I had built myself a fixed standing desk from Ikea parts before this desk was released. (I used adjustable legs from Ikea that went very high by turning lower legs CCW into upper legs. Over time they weaken and all 4 legs need to be adjusted and tightened.) I ran across the Skarsta in Ikea a few months later and bought only the frame. I have a black/brown top about 5ft wide and maybe 30in in depth. Ikea produces a shelf with matching black/brown 5ft wide and 1ft in depth, and they also make table top bracket mounts (I bought 4, I think they are $4-5 a piece). So the top of the desk lifts two monitors to a tad lower than eye level when the desktop is at parallel forearm level. (Ikea has really nice bamboo desk tops but no matching bamboo shelves.) Its easy to assemble the frame on a different desktop but you have to pay careful attention to where the manual turn arm comes out at. 30" of depth is about the max this frame can take (if you assemble the frame dead center under the table) as the manual arm, when extended, has about 1.25in clearance from the edge of the desktop. (If you assemble with a different desktop, the affordable ones at Ikea are hollow in the center... except the bamboo one, which I don't recall placing in the affordable camp.) Because the desktop is sways slightly, the swaying motion rises through the brackets and onto the upper shelf with the tall monitors making the swaying more noticeable.

Thanks for the comments, everyone.

  • Chris: I have not tried using with bed risers. No need. It would probably work though it might slide around a bit as the feet wouldn't touch the bottom of the 'cups' in the bed riser. Cinder blocks are probably better for this.
  • sc: I'm 5 feet 9 inches, but what matters is your elbow height, not total height.
  • Mario: the monitor mount is Monoprice product ID 6420. It's not the most rigid mount in the world but works for me so far. If you're willing to sacrifice depth adjustment, a mount with no swing arm like Monoprice product ID 5400 would minimize unwanted monitor shaking.
  • Ronja: Debian Jessie on a T450s. I love everything about Debian except the pace of their release cycle, which is understandable given that it's an entirely volunteer effort.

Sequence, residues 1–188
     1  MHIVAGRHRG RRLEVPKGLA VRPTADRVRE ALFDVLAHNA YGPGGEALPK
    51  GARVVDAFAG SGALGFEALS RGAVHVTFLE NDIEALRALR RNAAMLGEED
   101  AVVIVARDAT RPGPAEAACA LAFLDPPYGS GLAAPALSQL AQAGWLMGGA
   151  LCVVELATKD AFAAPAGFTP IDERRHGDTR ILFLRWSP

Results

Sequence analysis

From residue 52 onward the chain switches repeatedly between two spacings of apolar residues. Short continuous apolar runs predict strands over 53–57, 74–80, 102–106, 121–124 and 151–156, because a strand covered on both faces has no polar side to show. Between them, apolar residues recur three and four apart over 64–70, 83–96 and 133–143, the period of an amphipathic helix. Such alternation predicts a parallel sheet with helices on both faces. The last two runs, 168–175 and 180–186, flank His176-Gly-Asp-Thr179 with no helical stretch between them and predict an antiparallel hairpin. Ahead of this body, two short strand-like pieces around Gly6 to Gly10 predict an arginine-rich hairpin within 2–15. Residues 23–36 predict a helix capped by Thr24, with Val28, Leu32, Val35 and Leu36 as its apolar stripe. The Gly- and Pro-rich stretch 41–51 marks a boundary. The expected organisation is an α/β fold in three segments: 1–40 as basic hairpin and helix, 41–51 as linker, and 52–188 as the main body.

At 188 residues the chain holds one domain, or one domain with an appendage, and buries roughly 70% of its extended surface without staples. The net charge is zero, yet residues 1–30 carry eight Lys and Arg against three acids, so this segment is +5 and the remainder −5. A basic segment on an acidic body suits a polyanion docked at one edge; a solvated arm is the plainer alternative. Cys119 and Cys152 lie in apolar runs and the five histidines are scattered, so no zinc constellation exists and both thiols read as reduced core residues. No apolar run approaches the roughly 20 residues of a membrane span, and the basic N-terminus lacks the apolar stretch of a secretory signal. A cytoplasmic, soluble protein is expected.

• Michael: you're a tiny bit taller than me. I've thought about weight balance but there's very little weight on the desk. ~10 pounds monitor, 4 pounds of laptop and cables, and maybe 5 pounds of everything else including the cable management tray screwed to the underside. It's all pretty centrally distributed. Happy to hear that the SKARSTA is more stable than a fancy Ergotron standing adapter.
  • Joe: Do you have one of those overbed tables? How stable is it? If you only use a laptop, you can also just use an ironing board.

Finally, disregard the haters, Chips Ahoy are delicious.

If you just use a laptop, this does the trick as a cheaper and more mobile solution: http://www.amazon.com/gp/product/B002VWJZ8S

I have this desk too - I have two monitors plus my macbook on it and I am seeing very little sway - I am not using a monitor arm though. I have a das keyboard plugged into the mac and when I type vigorously I don't have problem with it moving at all. Note that I am 180cm so I don't have it up that high (not at home to measure exactly). Maybe also how well balanced the weight distribution (where you put your monitors, keyboard etc.) is around the centroid impacts sway / stability? I am at work at the moment and I am using a stand desk clamped ergotron monitor/keyboard tray combo and it moves a hell of a lot more than the ikea desk. For the $, if it works for you in terms of height I also think it is great value.

What Linux distro is that (I can see Gnome 3, so I would guess Ubuntu GNOME or Fedora) and what Thinkpad T4X0 model?

Nice post, thanks. I was looking for something like this for my home office. Any decent/cheap monitor mount clamp you could recommend?

Ew Chips Ahoy, disguisting!

Hello is right, chips ahoy are pretty bad!

Don't eat chips ahoy. Theyre really bad for you...

How tall are you? It would help clarify "I would not recommend it if you're very tall...".

Thanks for the review, I was looking at one of these the other day but IKEA was out of stock. As a tall person, I'm disappointed to hear about the issues at full height. Have you tried using it in conjunction with the bed risers you also linked?